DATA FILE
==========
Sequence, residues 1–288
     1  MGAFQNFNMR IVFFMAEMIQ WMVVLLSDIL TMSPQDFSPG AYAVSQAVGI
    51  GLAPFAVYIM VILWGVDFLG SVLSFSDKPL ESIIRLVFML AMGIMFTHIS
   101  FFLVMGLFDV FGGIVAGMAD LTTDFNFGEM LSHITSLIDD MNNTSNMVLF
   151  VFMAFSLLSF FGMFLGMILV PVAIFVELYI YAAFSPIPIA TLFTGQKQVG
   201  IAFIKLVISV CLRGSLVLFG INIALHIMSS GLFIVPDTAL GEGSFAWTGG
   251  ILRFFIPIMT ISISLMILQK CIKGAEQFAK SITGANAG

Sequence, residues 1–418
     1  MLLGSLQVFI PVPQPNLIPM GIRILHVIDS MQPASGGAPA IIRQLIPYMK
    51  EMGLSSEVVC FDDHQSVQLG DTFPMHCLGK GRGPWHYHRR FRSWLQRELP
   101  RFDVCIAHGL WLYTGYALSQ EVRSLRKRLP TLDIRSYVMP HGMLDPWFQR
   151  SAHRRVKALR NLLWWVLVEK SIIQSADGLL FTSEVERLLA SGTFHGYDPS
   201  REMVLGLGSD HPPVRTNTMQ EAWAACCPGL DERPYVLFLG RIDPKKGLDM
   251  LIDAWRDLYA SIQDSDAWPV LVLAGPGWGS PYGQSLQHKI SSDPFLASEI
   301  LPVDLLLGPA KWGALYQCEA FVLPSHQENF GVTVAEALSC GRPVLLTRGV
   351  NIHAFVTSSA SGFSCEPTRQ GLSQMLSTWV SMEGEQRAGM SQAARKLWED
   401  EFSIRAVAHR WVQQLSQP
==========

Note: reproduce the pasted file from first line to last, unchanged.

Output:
Sequence, residues 1–288
     1  MGAFQNFNMR IVFFMAEMIQ WMVVLLSDIL TMSPQDFSPG AYAVSQAVGI
    51  GLAPFAVYIM VILWGVDFLG SVLSFSDKPL ESIIRLVFML AMGIMFTHIS
   101  FFLVMGLFDV FGGIVAGMAD LTTDFNFGEM LSHITSLIDD MNNTSNMVLF
   151  VFMAFSLLSF FGMFLGMILV PVAIFVELYI YAAFSPIPIA TLFTGQKQVG
   201  IAFIKLVISV CLRGSLVLFG INIALHIMSS GLFIVPDTAL GEGSFAWTGG
   251  ILRFFIPIMT ISISLMILQK CIKGAEQFAK SITGANAG

Sequence, residues 1–418
     1  MLLGSLQVFI PVPQPNLIPM GIRILHVIDS MQPASGGAPA IIRQLIPYMK
    51  EMGLSSEVVC FDDHQSVQLG DTFPMHCLGK GRGPWHYHRR FRSWLQRELP
   101  RFDVCIAHGL WLYTGYALSQ EVRSLRKRLP TLDIRSYVMP HGMLDPWFQR
   151  SAHRRVKALR NLLWWVLVEK SIIQSADGLL FTSEVERLLA SGTFHGYDPS
   201  REMVLGLGSD HPPVRTNTMQ EAWAACCPGL DERPYVLFLG RIDPKKGLDM
   251  LIDAWRDLYA SIQDSDAWPV LVLAGPGWGS PYGQSLQHKI SSDPFLASEI
   301  LPVDLLLGPA KWGALYQCEA FVLPSHQENF GVTVAEALSC GRPVLLTRGV
   351  NIHAFVTSSA SGFSCEPTRQ GLSQMLSTWV SMEGEQRAGM SQAARKLWED
   401  EFSIRAVAHR WVQQLSQP